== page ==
Closing costs are part of buying a home. Your lender and real estate agent should have discussed these costs at the start of your home search. While not exact, you should be able to calculate a fairly accurate estimate, so you’re not surprised. It is important to know that closing costs vary by location. For example, some states require an attorney to close a sale instead of the title company.

When you buy or sell a property, you will typically be responsible for a number of fees and charges known as “closing costs”. These costs can vary widely depending on where you are buying or selling, the value of the property, and a number of other factors. In this article, we will take a closer look at closing costs, what they include, and what you need to know about them.

What Are Closing Costs?

What are closing costs? Closing costs are the fees and expenses that are associated with the final stages of a real estate transaction. These costs are typically paid by the buyer or the seller, and they can include a wide range of charges. Some of the most common types of closing costs include:

  1. Title search and insurance: Before a property can be sold, the title needs to be searched to ensure that there are no liens or other encumbrances that could affect the sale. Title insurance is also usually purchased to protect the buyer in case there are any problems with the title.
  2. Appraisal fees: Lenders will often require an appraisal of the property to determine its value.
  3. Inspection fees: Buyers will usually hire a home inspector to look for any potential issues with the property.
  4. Origination fees: This fee is charged by lenders for processing the loan application.
  5. Attorney fees: If a lawyer is involved in the transaction, there may be fees associated with their services.
  6. Transfer taxes: Some states and localities charge a tax when a property is sold.
  7. Recording fees: These fees are charged by the government for recording the sale of the property.
  8. Prepaid expenses: Buyers may need to pay for items like property taxes, homeowners insurance, and other expenses in advance.

Some of these fees may not impact your closing costs. If you have an HOA fee, that may change depending on the time of the month of your closing. Homeowner’s insurance rates can also vary. Based on your location things like pest inspection, lead-based paint inspection, or flood determination fees can be part of your closing costs. A good estimate for closing costs is between 3-4% of your mortgage. When you’re determining your initial budget, you should have this number – even before you begin your home search.

Closing Cost Fees Explained

Who pays closing costs? In most cases, the buyer is responsible for paying the majority of the closing costs. However, the seller may also be required to pay certain fees, such as the commission for the real estate agent. In some cases, the buyer and seller may negotiate to split the closing costs between them.

How much are closing costs?

Closing costs can vary widely depending on a number of factors. In general, buyers can expect to pay between 2% and 5% of the purchase price in closing costs. For example, if you are buying a $300,000 home, you can expect to pay between $6,000 and $15,000 in closing costs.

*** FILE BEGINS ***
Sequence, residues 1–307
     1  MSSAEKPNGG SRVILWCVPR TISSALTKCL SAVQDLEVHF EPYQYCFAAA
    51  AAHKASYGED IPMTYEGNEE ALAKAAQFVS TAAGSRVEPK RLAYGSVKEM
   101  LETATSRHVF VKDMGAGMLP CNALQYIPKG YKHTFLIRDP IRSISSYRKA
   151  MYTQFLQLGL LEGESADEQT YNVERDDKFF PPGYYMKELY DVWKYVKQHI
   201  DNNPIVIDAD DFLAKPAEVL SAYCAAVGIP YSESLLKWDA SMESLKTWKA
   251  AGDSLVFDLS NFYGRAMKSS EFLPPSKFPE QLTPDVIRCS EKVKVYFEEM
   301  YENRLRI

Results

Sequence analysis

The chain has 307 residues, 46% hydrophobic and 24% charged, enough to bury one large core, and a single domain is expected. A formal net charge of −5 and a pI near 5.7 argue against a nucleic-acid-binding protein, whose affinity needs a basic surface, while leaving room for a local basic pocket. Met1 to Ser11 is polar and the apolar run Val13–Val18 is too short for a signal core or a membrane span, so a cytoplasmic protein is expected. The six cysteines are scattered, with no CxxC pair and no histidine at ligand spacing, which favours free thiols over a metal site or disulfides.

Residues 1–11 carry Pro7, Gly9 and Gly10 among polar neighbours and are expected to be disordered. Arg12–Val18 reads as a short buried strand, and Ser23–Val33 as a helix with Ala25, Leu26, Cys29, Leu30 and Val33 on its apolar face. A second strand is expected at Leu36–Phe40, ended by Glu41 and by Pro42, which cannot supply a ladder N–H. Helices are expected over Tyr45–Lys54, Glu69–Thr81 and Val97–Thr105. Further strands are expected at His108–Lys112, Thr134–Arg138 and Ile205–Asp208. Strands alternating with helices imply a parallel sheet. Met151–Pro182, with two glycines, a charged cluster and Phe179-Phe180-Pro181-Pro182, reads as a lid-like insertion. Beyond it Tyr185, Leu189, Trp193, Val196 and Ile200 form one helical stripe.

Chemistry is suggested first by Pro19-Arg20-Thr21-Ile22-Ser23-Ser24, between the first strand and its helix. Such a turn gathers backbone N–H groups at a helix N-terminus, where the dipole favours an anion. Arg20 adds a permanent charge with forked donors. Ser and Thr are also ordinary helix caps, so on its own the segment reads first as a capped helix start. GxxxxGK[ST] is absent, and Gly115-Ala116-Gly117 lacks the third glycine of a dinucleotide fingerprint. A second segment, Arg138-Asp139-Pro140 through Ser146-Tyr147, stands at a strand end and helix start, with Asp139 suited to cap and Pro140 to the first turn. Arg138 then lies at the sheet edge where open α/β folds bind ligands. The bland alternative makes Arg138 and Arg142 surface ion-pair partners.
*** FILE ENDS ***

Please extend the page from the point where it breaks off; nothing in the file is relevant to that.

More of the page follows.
It is important to note that the exact amount of closing costs will depend on a number of factors, such as the location of the property, the type of loan you are getting, and the specific services that are required for the transaction.

How can you reduce closing costs?

While closing costs can add up quickly, there are a few things that you can do to help reduce the amount you have to pay. Here are some tips:

  1. Shop around for lenders: Different lenders may offer different rates and fees, so it is important to compare your options to find the best deal.
  2. Negotiate with the seller: In some cases, the seller may be willing to cover some of the closing costs to help make the sale go through.
  3. Ask for a loan estimate: Lenders are required to provide a loan estimate that outlines the costs associated with the loan. Make sure to review this document carefully and ask any questions you may have.
  4. Consider a no-closing-cost loan: Some lenders offer loans that do not require upfront closing costs, but may charge a slightly higher interest rate to compensate.


Depending on the market, a buyer can ask for seller concessions. This is asking the seller to pay some of your costs. Concessions can be home repairs or general closing costs. If you are using a VA Loan, sellers can only contribute up to 4% of the purchase price in paid concessions. As always, it is important to have an open dialogue with your lender to have the most accurate picture of your final closing costs.

In conclusion, closing costs can be a significant expense when buying or selling a property. It is important to understand what these costs include, who is responsible for paying them, and how much they are likely to be. By being aware of your options and taking steps to reduce your costs, you can help

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